Tensions in Korea have GM on alert

Tensions in Korea have GM on alert
Thu, Apr 4 detroitnews.com

AkersonGeneral Motors Co. CEO Dan Akerson said Thursday the automaker is closely monitoring the escalating crisis on the Korean Peninsula, has made contingency plans for its employees there and will consider moving production if tensions continue to rise.

“Anything that goes on in Korea is important to our global production,” Akerson said during a live interview on CNBC’s “Squawk Box.”

Detroit-based GM has about 17,000 employees and five plants in South Korea, which annually produce nearly 1.5 million vehicles. Only about 145,000 of those are sold in Korea; the rest are exported to other countries, including the United States.

“You’ve got to start to think about where you have the continuity of supply and safety of your assets and your employees,” Akerson said. “We are making contingency plans for the safety of our employees as best we can.”

But GM is not the only automaker that could be affected if North Korea makes good on recent threats to attack South Korea and its main ally, the United States. Analysts say South Korea is a vital link in the global supply chain that all automobile manufacturers depend on.

“If they do something, if this thing erupts, we’ve got a mess on our hands — and not just from a supply-chain point of view,” said George Magliano, senior principal economist with IHS Automotive

, in an interview with The Detroit News on Thursday.

“Whatever we get out of Korea is going to be put in jeopardy, and we have very little leeway in the short-run of getting around it.”

What most automakers get out of South Korea, according to Jim Hall of 2953 Analytics LLP, is smaller electronic components such as sensors, servos, actuators and wiring connectors. The parts are used by a lot of companies on a lot of different cars and trucks. But Hall said they also can be sourced from a lot of countries if hostilities commence in Korea.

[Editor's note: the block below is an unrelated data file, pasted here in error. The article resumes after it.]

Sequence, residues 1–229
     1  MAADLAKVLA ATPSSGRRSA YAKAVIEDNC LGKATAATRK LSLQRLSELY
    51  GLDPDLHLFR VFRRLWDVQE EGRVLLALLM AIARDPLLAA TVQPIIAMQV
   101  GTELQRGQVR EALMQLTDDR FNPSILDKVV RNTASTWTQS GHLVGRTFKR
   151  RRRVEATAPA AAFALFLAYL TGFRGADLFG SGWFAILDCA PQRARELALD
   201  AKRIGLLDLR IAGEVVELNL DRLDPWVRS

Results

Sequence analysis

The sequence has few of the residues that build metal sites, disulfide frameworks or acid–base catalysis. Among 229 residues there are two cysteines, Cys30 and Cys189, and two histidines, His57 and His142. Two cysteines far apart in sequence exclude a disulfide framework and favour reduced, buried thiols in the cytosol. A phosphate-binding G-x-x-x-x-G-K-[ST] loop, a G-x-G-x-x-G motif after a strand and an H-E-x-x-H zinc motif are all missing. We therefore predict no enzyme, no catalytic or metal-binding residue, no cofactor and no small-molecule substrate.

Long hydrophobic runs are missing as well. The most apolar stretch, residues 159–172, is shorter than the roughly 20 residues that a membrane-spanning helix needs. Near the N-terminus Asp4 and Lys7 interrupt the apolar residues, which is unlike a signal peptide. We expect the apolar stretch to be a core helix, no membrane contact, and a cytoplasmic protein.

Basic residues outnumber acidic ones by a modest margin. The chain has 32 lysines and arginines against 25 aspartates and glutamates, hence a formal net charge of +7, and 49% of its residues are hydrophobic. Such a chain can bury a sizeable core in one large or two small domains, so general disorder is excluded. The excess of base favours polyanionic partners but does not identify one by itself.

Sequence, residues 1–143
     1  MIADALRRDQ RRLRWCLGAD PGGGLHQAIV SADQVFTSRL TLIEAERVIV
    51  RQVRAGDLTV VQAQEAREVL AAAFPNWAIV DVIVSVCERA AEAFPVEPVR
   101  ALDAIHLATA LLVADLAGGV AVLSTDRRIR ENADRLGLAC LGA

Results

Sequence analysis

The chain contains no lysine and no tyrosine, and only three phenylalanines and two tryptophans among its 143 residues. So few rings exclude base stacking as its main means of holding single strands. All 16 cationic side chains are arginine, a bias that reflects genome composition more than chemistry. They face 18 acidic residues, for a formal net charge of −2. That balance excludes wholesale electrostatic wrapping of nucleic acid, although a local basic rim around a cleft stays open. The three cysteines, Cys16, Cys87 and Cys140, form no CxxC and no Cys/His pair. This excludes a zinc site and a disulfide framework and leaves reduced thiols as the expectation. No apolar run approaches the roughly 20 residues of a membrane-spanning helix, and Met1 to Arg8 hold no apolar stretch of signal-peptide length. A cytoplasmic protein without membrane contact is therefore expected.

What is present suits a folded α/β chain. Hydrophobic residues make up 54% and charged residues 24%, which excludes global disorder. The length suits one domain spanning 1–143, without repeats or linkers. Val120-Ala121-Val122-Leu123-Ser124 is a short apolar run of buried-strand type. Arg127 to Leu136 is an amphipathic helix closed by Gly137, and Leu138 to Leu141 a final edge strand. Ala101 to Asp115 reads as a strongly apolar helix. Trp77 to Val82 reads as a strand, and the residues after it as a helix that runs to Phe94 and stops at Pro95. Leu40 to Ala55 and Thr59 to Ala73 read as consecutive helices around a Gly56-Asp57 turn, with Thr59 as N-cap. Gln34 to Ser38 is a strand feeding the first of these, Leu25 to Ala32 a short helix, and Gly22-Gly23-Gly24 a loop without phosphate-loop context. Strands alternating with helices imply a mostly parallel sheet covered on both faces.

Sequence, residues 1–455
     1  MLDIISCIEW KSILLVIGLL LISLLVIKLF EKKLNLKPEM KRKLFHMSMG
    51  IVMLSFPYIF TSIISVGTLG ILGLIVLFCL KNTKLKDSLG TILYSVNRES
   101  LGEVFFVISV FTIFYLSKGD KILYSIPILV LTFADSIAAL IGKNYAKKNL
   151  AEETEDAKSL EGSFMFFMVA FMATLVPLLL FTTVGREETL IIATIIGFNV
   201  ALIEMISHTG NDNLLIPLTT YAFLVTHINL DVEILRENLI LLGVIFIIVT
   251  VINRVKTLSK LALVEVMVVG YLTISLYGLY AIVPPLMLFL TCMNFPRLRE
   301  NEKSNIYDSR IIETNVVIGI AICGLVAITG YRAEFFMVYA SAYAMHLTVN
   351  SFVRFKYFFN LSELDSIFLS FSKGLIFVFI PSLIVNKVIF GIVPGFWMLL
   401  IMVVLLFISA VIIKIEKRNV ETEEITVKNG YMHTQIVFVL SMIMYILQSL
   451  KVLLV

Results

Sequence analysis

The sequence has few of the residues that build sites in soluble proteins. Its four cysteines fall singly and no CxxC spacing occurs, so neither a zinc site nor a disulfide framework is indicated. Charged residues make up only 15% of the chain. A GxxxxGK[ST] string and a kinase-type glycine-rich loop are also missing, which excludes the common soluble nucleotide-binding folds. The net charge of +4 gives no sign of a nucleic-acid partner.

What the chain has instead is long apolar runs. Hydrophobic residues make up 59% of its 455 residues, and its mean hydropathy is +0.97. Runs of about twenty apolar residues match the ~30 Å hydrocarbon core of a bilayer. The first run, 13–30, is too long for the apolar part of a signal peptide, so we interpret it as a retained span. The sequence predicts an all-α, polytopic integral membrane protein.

Supply-chain slowdown

“It would obviously affect the entire industry,” Hall said. “It would cause a slowdown of availability, but not stop production in the United States.”

Ford Motor Co. relies on a couple of dozen suppliers in South Korea.

“We continually monitor the external environment as part of our business process,” said Ford spokesman Jay Cooney. “We’re watching the situation closely.”

Chrysler Group LLC also gets some of its parts from South Korea. The Auburn Hills automaker did not respond to requests for comment.

“There’s hardly any Korean sourcing of large components for Chrysler,” Hall said.

But General Motors gets more than just parts from South Korea.

GM Korea’s headquarters, along with important design and engineering facilities, are housed in Bupyeong — only about 20 miles south of the Demilitarized Zone that divides South Korea from the Communist north. Factories there also build the Chevrolet Aveo, Malibu, Captiva and Trax; Buick’s new Encore; the Opel Antara and Mokka; and vehicles sold under the Alpheon brand name.

GM’s Changwon plant in the southeast corner of the country builds light commercial vehicles, while its factory in the western coastal city of Gunsan builds the Chevrolet Cruze and Orlando. General Motors has a transmission

plant in nearby Boryeong.

Jong-un ‘untested, young’

South Korea is also the source of vehicle

kits that are sent to other countries around the world for local assembly.

“We do have outside consulting firms (and) we seek their advice, counsel and try to estimate what’s going to happen,” Akerson said in the CNBC interview. “But quite frankly, it’s kind of like talking about baseball: Who’s going to win the National League and American League this year?”

The GM chief said he did not know what would come of North Korea’s threats, and said he doubts Washington does either. Akerson called North Korea’s 20-something President Kim Jong-un an “untested, young, unseasoned leader,” albeit one who possesses nuclear weapons.

Of course, no automakers have more at stake in the crisis than South Korea’s Hyundai Motor Co. and Kia Motors Co.

Neither company was available for comment at press time.

Magliano said the Korean supply chain is not as fragile as it was just a few years ago. Parts manufacturers there have learned the hard lessons of recent natural disasters in Japan and Southeast Asia, events that took many suppliers out completely.

“They look at what happened with the earthquake in Japan and the flooding in Thailand,” he said. “The Koreans are moving their own production out of Korea. They’re building components where they sell them, including in North America.”


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